Our prior speculation that the next-gen, mid-engine Corvette would bow at this year’s Detroit Auto Show was obviously dead wrong. Nor did the Stingray replacement appear in Geneva, and it’s unlikely to debut at next month’s New York extravaganza. Generally speaking, auto shows are no longer deemed suitable for launching blockbusters because they’re unable to grab and hold the attention of today’s frantic automotive reporters. Plus, the argument goes, a car as big as the Corvette can generate news on its own without the backdrop of a show.
So, we gave the bushes another relentless beating to compile an updated report of what may be happening behind the GM engineering scenes. Thanks to well-placed sources, we discovered three good reasons for delaying the C8’s production start to December of 2019.
First, all GM products are shifting to a new electrical architecture—the means by which 100 or more computer modules per vehicle communicate on what’s called a CAN (computer area network) bus. Engineers are having difficulty working the bugs out of the new Global B party line serving Corvette and several other new models.
The second issue is a structural distortion of the aluminum spaceframe experienced during testing a prototype equipped with the 900-1000 horsepower twin-turbo V-8. The twist in back was enough to fracture the glass hatch covering the engine. Be glad this flaw was discovered in advance of your top speed runs in Chevy’s designated Ferrari-beater.
Item three is some unspecified bone of contention between those who design Corvettes and the development engineers who steer them to the far corners of the performance envelope. It could be a visibility issue, some ergonomic shortcoming, or a cockpit design problem. Unfortunately our sources won’t reveal the specific details underlying this concern.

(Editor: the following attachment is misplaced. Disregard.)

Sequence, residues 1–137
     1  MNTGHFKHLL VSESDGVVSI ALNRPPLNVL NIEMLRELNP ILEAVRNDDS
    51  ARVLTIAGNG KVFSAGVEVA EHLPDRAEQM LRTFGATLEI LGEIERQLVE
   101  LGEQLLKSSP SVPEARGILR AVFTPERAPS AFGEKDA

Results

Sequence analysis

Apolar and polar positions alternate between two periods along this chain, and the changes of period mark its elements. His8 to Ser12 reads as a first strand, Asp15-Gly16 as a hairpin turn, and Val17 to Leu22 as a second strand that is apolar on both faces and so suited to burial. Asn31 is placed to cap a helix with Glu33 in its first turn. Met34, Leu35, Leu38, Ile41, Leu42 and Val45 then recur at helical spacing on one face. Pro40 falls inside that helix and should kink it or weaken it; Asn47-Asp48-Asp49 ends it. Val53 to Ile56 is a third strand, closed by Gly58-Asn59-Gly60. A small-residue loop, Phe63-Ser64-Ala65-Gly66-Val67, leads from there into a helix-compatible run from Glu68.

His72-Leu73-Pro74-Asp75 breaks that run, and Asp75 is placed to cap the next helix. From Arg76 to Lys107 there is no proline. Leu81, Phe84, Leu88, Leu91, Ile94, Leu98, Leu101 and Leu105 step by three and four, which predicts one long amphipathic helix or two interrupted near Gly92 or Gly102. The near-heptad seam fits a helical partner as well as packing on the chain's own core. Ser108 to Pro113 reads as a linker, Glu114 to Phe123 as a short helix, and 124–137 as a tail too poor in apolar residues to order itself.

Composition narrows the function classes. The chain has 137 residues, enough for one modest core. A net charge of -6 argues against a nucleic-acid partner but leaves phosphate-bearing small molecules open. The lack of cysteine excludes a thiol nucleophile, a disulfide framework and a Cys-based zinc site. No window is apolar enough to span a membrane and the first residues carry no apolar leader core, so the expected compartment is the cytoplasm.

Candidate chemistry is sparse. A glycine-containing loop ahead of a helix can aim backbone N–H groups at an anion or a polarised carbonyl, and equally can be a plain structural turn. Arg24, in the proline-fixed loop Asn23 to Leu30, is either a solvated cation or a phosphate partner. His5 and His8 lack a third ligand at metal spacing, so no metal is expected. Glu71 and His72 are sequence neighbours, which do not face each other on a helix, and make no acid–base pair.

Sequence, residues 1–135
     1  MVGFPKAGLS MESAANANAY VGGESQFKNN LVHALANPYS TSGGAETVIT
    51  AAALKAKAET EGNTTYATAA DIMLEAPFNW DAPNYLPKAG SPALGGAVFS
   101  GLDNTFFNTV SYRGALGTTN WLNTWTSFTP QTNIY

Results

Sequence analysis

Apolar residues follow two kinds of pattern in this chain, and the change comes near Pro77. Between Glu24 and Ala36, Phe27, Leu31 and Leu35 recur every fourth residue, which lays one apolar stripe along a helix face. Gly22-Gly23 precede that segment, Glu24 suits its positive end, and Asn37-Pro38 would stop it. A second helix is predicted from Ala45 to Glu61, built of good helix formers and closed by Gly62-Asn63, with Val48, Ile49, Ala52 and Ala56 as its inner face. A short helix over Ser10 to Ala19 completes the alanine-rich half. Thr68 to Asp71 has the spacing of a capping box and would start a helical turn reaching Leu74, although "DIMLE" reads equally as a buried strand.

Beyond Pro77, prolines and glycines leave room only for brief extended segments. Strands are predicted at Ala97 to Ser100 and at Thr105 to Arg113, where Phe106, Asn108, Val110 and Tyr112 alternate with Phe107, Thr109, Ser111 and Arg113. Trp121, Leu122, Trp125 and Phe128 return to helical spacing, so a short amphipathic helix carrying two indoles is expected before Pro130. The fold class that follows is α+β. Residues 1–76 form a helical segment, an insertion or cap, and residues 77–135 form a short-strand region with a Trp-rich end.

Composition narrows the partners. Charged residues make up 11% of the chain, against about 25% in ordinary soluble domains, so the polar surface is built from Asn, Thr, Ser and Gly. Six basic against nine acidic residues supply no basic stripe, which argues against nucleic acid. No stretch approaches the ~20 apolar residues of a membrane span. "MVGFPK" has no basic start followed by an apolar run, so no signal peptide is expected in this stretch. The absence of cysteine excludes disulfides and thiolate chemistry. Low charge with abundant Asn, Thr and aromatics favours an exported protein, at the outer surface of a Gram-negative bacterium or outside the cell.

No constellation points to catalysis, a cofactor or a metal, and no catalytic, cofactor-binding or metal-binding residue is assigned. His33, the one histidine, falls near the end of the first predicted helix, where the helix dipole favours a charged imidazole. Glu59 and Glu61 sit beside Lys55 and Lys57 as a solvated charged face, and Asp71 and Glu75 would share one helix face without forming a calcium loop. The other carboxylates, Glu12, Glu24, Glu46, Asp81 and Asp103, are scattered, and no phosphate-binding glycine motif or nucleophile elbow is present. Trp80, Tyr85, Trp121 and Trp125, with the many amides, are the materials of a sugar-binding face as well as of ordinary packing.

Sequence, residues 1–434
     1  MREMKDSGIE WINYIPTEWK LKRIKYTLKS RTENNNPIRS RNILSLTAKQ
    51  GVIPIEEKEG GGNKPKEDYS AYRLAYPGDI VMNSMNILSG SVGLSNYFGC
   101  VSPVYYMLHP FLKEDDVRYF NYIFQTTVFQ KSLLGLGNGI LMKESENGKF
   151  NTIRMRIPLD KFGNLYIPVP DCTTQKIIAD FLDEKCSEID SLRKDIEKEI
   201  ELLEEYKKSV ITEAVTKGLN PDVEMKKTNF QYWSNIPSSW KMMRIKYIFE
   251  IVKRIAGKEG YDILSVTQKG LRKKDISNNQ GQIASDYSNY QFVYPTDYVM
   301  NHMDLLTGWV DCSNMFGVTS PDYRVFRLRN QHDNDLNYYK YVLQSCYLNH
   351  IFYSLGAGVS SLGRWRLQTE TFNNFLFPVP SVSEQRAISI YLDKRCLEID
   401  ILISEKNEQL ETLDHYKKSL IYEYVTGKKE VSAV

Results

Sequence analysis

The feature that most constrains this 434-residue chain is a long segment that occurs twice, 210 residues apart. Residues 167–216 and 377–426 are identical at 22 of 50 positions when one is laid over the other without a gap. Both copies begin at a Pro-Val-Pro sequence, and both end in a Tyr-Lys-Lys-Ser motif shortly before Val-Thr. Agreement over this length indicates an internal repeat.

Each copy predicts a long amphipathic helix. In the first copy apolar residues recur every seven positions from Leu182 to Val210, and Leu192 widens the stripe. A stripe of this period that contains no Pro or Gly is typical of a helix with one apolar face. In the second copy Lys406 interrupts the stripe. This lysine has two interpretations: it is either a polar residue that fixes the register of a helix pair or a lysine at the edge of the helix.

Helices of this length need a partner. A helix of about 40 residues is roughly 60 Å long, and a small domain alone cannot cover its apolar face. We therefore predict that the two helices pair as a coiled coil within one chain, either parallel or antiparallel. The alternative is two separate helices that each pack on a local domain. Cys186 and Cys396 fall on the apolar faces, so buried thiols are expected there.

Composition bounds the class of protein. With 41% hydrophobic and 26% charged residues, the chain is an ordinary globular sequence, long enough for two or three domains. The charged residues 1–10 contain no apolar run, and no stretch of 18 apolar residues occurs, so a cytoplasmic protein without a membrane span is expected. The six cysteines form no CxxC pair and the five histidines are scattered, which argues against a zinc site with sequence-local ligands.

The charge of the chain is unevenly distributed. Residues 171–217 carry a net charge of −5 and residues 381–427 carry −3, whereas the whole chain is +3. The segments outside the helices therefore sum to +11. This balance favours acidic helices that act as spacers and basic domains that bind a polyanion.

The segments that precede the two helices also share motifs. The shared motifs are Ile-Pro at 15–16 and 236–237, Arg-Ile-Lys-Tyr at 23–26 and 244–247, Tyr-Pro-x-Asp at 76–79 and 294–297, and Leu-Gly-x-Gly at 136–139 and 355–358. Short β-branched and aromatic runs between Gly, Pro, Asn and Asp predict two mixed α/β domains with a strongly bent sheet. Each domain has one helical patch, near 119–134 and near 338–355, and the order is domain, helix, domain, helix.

Our best guess for the when and where of C8’s unveiling is in conjunction with the National Corvette Museum’s 25th birthday celebration in Bowling Green, Kentucky, (near the car’s assembly plant) at the end of August. The weather should be hospitable and there’s a handy race track near the facility to host aggressive test drives. We’re hoping for a production start by December with customer deliveries of 2020 model year cars to begin early next year. The plant has the flexibility to continue building C7s, so the front-engine Corvette’s future availability will theoretically be geared to demand.
Expect a base C8 to cost between $60-70,000 and be powered by a 6.2-liter LT2 V-8 delivering at least 500 horsepower. The 50-horse gain over today’s LT1 will come from more aggressive valve timing. The one and only transmission will be a seven-speed dual-clutch, paddle-shifted automatic supplied by Tremec. LT6 and LT8 V-8s expected later in C8’s life will climb the staircase to 1000-horsepower heaven with overhead camshafts, a flat crankshaft, and twin turbochargers. Hybridization is also part of the C8 game plan. On hybrid models, electrically driven front wheels will consume the (front) trunk space otherwise used to carry two sets of golf clubs in the base model.
GM was recently issued a patent for what was called an “active hybrid spoiler” with multi-mode adjustability to tailor rear downforce and aero drag to speed and driving location (on- or off a race track). That feature will likely be saved for the top-horsepower edition which may wear a commemorative “Zora” badge in honor of Corvette godfather Zora Arkus-Duntov.
Computer-aided-design drawings presumably leaked by some GM insider or supplier clearly show coil-over-damper suspension components in front. Nor is there evidence of today’s fiberglass transverse leaf arrangement in back, so what some disparage as “buggy” springs are probably not part of C8’s chassis design.
Interior spy photos depict a two-spoke steering wheel with flattened top and bottom surfaces, paddle shifters, and a wealth of switches. Electronic screens support the main instrument cluster and large center dash and console displays. The crossed flags Corvette insignia has been freshened and a Zora label appears in some shots.
Kerbeck Chevrolet in Atlantic City, New Jersey, the country’s largest Corvette seller, has begun taking refundable $1000 deposits to hold a place in line for a C8. This dealer is also offering C7 discounts ranging from 12-17 percent. Clearly, the countdown to launch has begun and the wait for mid-engine Corvettes on the road is down to a matter of months.